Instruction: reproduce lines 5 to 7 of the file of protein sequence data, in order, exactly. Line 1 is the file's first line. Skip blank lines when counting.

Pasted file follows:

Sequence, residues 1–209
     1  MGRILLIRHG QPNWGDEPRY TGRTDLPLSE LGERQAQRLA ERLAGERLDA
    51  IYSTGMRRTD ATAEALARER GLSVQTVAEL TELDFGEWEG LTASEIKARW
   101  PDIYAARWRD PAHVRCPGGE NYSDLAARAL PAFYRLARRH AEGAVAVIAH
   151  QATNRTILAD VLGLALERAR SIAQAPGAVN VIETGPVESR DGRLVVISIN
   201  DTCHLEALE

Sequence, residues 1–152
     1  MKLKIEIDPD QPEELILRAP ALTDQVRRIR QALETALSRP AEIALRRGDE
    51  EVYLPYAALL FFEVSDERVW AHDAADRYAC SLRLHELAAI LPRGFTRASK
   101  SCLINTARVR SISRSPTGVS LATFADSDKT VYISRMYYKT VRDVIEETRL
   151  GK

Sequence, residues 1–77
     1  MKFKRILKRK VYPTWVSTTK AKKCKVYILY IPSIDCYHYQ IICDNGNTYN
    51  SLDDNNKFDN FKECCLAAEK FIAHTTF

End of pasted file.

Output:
   151  QATNRTILAD VLGLALERAR SIAQAPGAVN VIETGPVESR DGRLVVISIN
   201  DTCHLEALE

Sequence, residues 1–152